What an interesting post about self-publishing. I think this is the future in publishing which is already here. Nice to know the majority of us have options like these, not just to earn additional income, but to bring our recipes to our audience faster.Thanks, Dianne and Jill !

    • says

      I agree Betty Ann. As authors we have many avenues beyond blogging to get the word out. Some people choose to give away their recipe ebooks as a promo, and that can work too, to get your name out there.

      Thank you for your comment.

  4. says

    Dianne, thanks for including this chock-full post of great resources and information from Jill. Jill, thanks for sharing your publishing journey. I have 100’s (maybe thousands) of recipes that I’ve created or adapted over the years for my cooking classes and I’ve wondered how to best share them with a much wider, and hopefully, more profitable, audience. Do you calculate time-spent on producing the e-book into your profit? Do you “pay” yourself and set aside $$ for other costs? It’s an exciting prospect that I will certainly research more.

    • says


      I don’t include my time in my profit and loss statement. It’s the work that I do.
      I don’t do that much work. I have my designer (whom I pay) put the book together so that it looks good. The PDF that she creates can also be used to create the POD (print on demand) book so it all works out.

      You don’t have to pay a designer but I think that it’s worth it to have a good looking product.

      Thank you for asking.

      • says

        Jill, I am in the same position as Carol above, having many recipes from teaching classes that are begging to be shared/published/sold!

        So how does one find a designer (are we talking about a graphic designer?) And at what point do you start the e-junkie membership? Is it after you are totally done with your manuscript? Sorry for the silly questions–I am still trying to understand POD /self-publish/e-publish differences. Thanks for a helpful post!

  5. says

    It’s so exciting to see the opportunities for self-publishing – thank you for sharing your journey. I haven’t tried e-junkie, but you’ve just about persuaded me!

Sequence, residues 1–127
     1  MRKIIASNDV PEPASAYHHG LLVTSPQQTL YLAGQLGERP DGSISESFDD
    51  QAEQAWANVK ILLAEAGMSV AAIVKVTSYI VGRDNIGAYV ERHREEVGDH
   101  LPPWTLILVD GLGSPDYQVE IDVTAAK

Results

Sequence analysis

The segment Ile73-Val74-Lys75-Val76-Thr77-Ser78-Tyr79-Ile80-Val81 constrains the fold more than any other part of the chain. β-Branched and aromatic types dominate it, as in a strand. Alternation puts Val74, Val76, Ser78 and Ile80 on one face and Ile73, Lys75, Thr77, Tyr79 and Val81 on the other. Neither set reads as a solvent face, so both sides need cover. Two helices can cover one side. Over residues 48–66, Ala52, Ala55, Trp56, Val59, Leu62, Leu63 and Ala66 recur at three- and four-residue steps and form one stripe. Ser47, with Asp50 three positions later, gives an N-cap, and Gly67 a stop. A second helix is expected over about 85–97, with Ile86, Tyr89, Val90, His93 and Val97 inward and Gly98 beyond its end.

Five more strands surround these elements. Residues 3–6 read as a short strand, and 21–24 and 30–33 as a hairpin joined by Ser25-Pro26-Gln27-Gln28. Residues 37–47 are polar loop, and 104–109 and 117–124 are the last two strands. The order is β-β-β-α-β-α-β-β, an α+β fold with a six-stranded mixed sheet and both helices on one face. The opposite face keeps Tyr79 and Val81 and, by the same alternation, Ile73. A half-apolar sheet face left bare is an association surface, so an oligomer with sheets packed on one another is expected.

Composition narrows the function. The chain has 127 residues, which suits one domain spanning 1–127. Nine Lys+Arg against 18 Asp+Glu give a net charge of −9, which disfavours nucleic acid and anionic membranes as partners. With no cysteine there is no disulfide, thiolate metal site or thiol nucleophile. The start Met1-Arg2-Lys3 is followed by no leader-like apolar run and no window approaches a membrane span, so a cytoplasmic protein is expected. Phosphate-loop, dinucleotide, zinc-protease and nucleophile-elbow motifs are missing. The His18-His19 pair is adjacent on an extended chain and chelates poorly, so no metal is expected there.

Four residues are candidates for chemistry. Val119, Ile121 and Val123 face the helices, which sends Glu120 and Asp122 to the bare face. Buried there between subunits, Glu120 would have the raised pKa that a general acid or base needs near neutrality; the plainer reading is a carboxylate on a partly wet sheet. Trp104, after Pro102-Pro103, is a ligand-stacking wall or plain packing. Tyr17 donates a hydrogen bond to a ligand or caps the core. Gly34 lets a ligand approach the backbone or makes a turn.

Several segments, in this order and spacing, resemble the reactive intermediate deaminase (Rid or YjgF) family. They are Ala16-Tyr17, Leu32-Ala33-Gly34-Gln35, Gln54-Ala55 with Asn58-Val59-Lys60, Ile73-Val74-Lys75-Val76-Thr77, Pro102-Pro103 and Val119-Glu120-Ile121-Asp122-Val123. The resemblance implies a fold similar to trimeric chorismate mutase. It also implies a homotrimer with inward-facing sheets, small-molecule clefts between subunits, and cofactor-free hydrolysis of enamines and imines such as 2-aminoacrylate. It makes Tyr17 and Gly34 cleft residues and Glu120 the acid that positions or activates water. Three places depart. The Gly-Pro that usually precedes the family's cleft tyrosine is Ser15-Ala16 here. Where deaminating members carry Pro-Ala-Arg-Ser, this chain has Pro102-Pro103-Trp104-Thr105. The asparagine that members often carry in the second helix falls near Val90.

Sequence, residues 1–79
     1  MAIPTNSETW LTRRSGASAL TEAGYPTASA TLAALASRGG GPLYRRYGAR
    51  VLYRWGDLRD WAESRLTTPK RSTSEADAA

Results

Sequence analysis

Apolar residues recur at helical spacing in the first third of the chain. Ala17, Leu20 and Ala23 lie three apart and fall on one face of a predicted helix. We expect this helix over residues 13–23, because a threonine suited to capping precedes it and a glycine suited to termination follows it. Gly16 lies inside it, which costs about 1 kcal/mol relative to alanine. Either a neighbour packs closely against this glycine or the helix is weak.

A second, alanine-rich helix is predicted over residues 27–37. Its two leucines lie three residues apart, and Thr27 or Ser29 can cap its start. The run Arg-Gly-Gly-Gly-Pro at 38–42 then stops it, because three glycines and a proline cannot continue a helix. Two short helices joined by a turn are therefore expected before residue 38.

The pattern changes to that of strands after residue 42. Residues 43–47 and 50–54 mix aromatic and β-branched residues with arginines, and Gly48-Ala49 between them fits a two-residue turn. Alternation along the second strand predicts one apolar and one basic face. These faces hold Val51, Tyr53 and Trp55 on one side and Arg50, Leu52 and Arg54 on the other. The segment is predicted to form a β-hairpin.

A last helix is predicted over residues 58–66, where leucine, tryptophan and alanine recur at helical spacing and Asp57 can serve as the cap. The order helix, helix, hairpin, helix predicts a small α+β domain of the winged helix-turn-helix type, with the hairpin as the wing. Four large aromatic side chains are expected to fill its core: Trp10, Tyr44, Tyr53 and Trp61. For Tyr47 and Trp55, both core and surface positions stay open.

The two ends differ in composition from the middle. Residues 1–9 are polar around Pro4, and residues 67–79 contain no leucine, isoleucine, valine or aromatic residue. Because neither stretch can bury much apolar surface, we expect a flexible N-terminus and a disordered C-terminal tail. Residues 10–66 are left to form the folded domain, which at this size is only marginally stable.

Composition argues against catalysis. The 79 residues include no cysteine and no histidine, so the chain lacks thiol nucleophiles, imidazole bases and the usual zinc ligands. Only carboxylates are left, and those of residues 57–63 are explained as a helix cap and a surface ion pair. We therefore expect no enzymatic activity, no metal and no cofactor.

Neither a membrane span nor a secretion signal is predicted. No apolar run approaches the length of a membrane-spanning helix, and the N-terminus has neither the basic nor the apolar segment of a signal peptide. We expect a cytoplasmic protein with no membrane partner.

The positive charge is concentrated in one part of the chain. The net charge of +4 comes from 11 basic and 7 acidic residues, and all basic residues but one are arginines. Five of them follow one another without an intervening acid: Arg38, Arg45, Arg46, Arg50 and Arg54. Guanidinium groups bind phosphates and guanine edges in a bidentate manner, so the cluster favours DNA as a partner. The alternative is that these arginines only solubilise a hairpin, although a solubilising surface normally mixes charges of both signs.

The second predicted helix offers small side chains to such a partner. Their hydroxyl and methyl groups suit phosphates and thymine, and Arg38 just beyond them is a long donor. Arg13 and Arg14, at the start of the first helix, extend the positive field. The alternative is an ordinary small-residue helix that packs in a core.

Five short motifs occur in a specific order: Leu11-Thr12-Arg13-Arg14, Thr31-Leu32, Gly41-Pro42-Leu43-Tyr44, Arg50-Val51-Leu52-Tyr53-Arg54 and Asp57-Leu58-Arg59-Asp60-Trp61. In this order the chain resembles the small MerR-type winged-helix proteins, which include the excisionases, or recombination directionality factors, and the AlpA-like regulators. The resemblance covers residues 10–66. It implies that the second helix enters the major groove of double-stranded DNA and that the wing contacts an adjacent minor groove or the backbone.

• says


      I want to encourage you to take your chances with e-junkie for $5 a month. It has been invaluable for me for delivering products in an efficient way. It can do much more than what I ask of it, too.

      Thank you for reading this post.

  6. says

    Wow is that a catching title! Who doesn’t love Passive Income. All kidding aside though, this post really is a wealth of great information to those of us interested in selling e-book version of our cookbooks.

  7. says

    This is such a great post! This is such a testament to bloggers who build their own following. It doesn’t matter if another publisher likes you. Everyone has the potential to do exactly what Jill did and build your own following and sell your ebook without a whole lot of extra effort.

    I did the exact same thing and the sales I make from Amazon and E-junkie are a great way to increase my savings. I teach a lot of other self-publishers, as well as wannabe self-publishers, to do the exact same thing. If you want to be free to create your cookbooks, or any other kinds of books, it’s possible with the internet. Don’t sit and wait for a publisher to recognize your talent. Take your future into your own hands and start writing and publishing now.

  8. says

    Jill Nussinow is a great teacher — not only in the kitchen, but to other cooks, writers and bloggers. Thanks for forging your own path and showing us the way, Jill, and Dianne, thanks for this post.

  9. Laura says

    I work with Jill, and use one of her affiliate links to sell her book. The earnings (25% commission) is way better than what you can get from amazon and big motivator for me to feature the post with a link to the book multiple times.

    Also, I had the pleasure of meeting her in person and during our tea I saw she had something long hanging off her laptop. It was a credit-card reader so she can do direct sales at events!!! She is a genius at seizing opportunities to monetize her hard work and I’m glad to see her post here to share some of that knowledge.

    Jill is a true inspiration and one thing she told me that day, that keeps ringing in my head “publishing your own book is like printing your own money”


    I was enlightened *after* I had already signed with a publishing house – so now that my book is coming out in September I’ll get to gauge if going with a publisher is going to give me “access” to opportunities publicity that I would not be able to drum-up myself.

    My gut is to go solo – especially after the book production experience I had to go through with a totally screwy editor – but I’m willing to keep an open mind to see if the publisher is going to be worth all the trouble (and money)!!

    Diane and Jill – I’d love to read more about POD books especially since, as Jill said, cookbooks are still a very tactile experience for many .

    I’ve read from someone else (I think here) that they also were not that satisfied with the end product, either. So I’m interested to hear about experiences in production and creation of a POD book – and if they make sense for recipe books with lots of photos!

    Since I don’t live in the U.S. printing the books myself and shipping/selling them is not an option.



  10. says

    I see you don’t use the power of social websites like twitter and facebook on your blog.
    You can get huge traffic from social sites on autopilot
    using one useful tool, for more info search in google for:

    Alufi’s Social Automation